October 19, 2011
Federal Reserve Districts
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Economic growth in the Second District has remained modest since the last report, though there have been some signs of improvement in the labor market. Manufacturers report some further deterioration in their assessment of overall business conditions but note that orders, shipments and employment levels have been stable. Consumer spending, on the other hand, has been comparatively robust, despite low levels of consumer confidence: auto dealers report brisk business in August and September, non-auto retail contacts report that sales have been on or ahead of plan, and tourism activity has remained strong. Commercial real estate markets have been mixed but, on balance, slightly stronger since the last report. Home sales have been mixed, with scattered signs of a pickup, while the rental market has continued to strengthen. New home construction remains stalled, aside from rental apartments. There has been substantial new hotel development in Manhattan. Conditions in New York City's key securities industry have weakened noticeably. Finally, bankers report a pickup in demand for residential mortgage loans (largely refinancing), a slight increase in demand for non-residential mortgages, some easing in credit standards for business loans, and little change in delinquency rates.
Auto dealers in upstate New York report that sales picked up since the last report, helped by a replenishment of their inventories, as disruptions from the tsunami in Japan earlier this year dissipated. Buffalo-area dealers estimate that sales of new vehicles were up 5-10 percent from a year ago in both August and September. Rochester-area dealers indicate year-over-year sales gains of 11 percent in August and in the range of 10-15 percent for September. Auto dealers in both areas continue to report strong sales of used cars, with persistently lean inventories driving up prices. Dealers' service and parts departments also report sturdy business. Auto-industry contacts describe both retail and wholesale credit conditions as "fine".
Consumer confidence remains at depressed levels. The Conference Board reports that consumer confidence among residents of the Middle Atlantic states (NY, NJ, PA) fell in August and edged down further in September. Siena College reports that consumer confidence fell across most of New York State in the third quarter, with the steepest declines seen in New York City and the mid-Hudson Valley; only the Albany region saw an increase in confidence. Tourism activity in New York City has shown continued strength since the last report. Broadway theaters report that, aside from a brief swoon in business in late August due to Hurricane Irene, attendance has been fairly strong and roughly on par with a year earlier. Moreover, revenues for the full month of September were up nearly 10 percent from a year earlier, despite fewer than usual Broadway shows opening this fall. Manhattan hotels report that revenue per room was up roughly 6 percent from a year ago in both August and September, despite the hurricane. Most of this increase reflects higher room rates, as occupancy rates were little changed. Nevertheless, this implies a sizeable rise in tourism, because there are 6-7 percent more hotel rooms in Manhattan than a year ago.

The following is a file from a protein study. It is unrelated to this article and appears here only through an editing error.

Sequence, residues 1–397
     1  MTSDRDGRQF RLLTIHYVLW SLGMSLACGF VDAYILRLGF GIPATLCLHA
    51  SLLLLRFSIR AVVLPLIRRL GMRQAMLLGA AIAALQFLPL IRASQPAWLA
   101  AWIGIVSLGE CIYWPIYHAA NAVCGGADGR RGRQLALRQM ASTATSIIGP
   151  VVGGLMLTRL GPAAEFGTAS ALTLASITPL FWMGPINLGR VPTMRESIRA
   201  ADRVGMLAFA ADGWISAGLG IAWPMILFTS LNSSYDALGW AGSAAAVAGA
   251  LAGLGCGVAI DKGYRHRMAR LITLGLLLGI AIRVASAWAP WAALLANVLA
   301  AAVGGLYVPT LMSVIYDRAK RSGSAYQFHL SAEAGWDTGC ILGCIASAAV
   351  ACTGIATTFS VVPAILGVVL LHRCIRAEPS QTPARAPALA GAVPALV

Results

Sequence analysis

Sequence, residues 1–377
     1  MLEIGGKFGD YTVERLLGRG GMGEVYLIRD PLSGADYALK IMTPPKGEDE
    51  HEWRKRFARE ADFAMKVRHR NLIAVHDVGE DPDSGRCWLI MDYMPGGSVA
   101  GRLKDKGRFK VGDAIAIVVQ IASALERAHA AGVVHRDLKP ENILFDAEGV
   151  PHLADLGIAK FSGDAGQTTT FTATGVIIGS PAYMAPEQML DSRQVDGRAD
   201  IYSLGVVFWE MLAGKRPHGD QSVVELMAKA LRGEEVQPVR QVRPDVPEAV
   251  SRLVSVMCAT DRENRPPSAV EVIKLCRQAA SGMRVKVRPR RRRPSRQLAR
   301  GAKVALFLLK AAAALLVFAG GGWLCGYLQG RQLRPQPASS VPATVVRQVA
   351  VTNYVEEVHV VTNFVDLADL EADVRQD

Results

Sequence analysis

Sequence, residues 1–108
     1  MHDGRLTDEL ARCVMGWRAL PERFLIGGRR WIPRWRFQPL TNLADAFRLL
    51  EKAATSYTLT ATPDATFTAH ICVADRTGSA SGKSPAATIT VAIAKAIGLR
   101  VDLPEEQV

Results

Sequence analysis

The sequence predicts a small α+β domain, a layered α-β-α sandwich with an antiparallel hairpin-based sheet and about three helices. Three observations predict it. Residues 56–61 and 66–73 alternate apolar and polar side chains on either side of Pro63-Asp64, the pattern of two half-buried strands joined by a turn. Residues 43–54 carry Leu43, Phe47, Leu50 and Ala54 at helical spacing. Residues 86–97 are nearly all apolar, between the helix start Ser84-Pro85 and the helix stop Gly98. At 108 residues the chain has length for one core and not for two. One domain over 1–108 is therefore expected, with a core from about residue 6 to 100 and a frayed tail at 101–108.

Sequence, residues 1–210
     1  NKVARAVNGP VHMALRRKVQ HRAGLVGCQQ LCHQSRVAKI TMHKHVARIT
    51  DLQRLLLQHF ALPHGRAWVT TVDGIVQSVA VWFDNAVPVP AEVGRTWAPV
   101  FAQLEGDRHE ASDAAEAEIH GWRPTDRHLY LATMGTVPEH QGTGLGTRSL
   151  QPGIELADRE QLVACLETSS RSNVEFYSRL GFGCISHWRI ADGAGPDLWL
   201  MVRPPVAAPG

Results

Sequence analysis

Construction and Real Estate
Commercial real estate markets have been mixed since the last report. In New York City and metropolitan Buffalo, office vacancy rates declined in the third quarter, while rents moved up. However, vacancy rates rose in Westchester and Fairfield counties and were little changed across other parts of the District, while asking rents were generally down modestly. The market for industrial and warehouse space has not changed noticeably, except in metropolitan Albany and northern New Jersey, where asking rents are down moderately from a year ago. New office construction and development remains sluggish, but a number of major hotel development projects have been announced recently or are already underway in New York City.
Other Business Activity
Manufacturing firms across New York State indicate that their assessment of general business conditions has deteriorated further since the last report, although they note that orders and shipments have held steady. Respondents in that sector anticipate only modest improvement in business conditions and activity in the months ahead. Manufacturers also note that input price pressures have moderated somewhat and that selling prices have remained essentially stable.